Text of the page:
Employers that are planning a mass layoff of workers or are preparing to shut their business down must provide advanced notice to workers and other interested parties, if they employ a sufficient number of full-time workers.
Here we briefly touch on the federal and state requirements for layoffs and plant closures under the Worker Adjustment and Retraining Notification (WARN) Act.
The WARN Act applies to employers of 100 or more full-time employees. Employers with fewer employees are encouraged to comply with the spirit of the law, although they are not bound by it.
The federal law requires employers to provide 60 days‘ notice to several parties before ordering a plant closing or massive layoff. These include:
- Affected employees or their collective bargaining representative
- The state dislocated worker unit and its rapid response team (located at DEED)
- The chief elected official of the unit of local government in which the business is located. If the firm is situated in more than one locality, notice must be given to the local governmental unit to which the employer pays the highest taxes.
Employers who violate the law may be liable to employees for back pay and benefits for which they would have been eligible under an employee benefit plan. An employer who fails to notify the local governmental unit of the plant closing may be liable for a civil penalty of up to $500 per day of violation.
Minnesota law requires all employers who must provide notice under WARN to notify DEED's dislocated worker unit with the names, addresses and occupations of the employees whose jobs will be terminated.
The law encourages, but does not mandate, businesses that are considering a plant closing, substantial layoff or relocation of operations outside Minnesota to give early notice of that decision to DEED, the affected employees, any collective bargaining agent representing the employees, and the local government unit in which the establishment is located. This notice is in addition to any notice required by WARN.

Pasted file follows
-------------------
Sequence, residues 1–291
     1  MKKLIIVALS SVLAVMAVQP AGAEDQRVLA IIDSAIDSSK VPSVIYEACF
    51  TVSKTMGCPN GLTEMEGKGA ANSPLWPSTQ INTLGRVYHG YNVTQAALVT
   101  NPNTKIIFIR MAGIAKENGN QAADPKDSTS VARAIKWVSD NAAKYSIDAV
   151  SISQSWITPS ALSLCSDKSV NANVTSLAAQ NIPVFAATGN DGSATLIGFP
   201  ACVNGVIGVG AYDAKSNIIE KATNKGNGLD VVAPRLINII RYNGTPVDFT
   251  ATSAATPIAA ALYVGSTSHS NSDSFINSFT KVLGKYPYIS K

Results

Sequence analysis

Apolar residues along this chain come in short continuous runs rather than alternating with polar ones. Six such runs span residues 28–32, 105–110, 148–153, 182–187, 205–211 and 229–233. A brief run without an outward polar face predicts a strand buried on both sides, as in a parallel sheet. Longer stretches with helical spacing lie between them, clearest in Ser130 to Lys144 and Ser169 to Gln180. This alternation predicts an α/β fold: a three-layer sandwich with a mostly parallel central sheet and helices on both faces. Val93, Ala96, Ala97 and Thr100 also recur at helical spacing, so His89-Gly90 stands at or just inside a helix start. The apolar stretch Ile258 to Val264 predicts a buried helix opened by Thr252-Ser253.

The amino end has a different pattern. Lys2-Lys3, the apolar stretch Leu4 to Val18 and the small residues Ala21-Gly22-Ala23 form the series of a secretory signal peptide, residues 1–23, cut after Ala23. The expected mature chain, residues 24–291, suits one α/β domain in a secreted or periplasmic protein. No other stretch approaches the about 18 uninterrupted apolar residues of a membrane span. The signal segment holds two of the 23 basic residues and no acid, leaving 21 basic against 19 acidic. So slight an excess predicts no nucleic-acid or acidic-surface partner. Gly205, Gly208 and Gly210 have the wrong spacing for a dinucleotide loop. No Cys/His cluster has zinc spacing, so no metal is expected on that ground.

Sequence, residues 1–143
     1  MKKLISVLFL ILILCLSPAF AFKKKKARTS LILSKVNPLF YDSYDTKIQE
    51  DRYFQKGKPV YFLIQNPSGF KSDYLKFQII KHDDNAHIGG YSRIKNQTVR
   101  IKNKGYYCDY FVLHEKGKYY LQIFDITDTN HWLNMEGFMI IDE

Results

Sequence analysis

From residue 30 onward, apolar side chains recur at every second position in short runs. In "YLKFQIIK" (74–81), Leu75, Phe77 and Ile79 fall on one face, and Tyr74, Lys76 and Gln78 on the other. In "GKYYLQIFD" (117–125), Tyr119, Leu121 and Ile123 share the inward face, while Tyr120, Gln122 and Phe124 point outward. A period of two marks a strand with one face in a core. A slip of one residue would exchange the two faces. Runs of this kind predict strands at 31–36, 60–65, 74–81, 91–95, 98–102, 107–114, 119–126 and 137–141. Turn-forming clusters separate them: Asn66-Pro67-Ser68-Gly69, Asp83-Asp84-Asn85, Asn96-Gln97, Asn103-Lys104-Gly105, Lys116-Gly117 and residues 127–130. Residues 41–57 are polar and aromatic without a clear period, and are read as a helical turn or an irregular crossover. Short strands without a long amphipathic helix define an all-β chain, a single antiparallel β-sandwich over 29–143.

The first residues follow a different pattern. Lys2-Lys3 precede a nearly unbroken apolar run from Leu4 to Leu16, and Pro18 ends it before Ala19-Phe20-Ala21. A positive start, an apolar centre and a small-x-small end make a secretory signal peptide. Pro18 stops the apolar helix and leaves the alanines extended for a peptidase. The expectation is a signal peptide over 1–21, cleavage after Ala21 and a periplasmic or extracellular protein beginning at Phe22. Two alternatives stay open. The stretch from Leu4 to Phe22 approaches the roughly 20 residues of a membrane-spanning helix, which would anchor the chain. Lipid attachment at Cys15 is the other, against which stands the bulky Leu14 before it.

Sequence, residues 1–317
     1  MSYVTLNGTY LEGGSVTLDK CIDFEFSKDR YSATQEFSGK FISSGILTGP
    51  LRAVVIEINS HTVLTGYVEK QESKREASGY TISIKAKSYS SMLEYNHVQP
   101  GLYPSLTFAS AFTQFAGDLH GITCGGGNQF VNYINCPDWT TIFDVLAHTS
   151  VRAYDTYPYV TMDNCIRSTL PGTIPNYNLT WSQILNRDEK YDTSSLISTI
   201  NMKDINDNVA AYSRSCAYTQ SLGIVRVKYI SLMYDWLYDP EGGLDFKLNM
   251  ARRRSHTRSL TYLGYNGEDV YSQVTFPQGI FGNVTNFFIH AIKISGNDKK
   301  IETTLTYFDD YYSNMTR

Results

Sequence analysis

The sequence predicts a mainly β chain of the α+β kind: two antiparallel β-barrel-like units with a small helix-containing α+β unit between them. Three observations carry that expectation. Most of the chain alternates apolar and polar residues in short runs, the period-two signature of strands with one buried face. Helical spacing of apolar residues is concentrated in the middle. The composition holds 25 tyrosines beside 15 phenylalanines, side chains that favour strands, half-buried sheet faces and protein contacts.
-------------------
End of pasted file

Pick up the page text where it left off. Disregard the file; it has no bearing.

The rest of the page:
The law directs DEED to establish a program to help employers, employees and the community to respond quickly to the plant closing or layoff by providing information and technical assistance for dislocated workers. The law also provides information and technical assistance on accessing public and private services and programs for dislocated workers and establishes a grant program for examining the feasibility of alternatives to the plant closing. The Dislocated Worker Program is funded by a special payroll assessment that is paid with unemployment insurance taxes.
A new law provides employers facing economic hardship with an alternative to laying off their employees by participating in a shared work plan with DEED.
Under Minnesota law, employers must notify employees and job applicants that the company has filed a petition for bankruptcy or has had an involuntary bankruptcy petition filed against it. Failure to provide the required notice is a misdemeanor.
Consultants at our Small Business Assistance Office can help you understand more about all the factors you'll need to know about mass layoffs and plant closings. And our network of Small Business Development Centers has experts located in nine main regional offices and several satellite centers statewide.
Our Guide to Starting a Business in Minnesota covers this and An Employer's Guide to Employment Law Issues in Minnesota provide a deeper look at this and other issues that commonly arise in the workplace.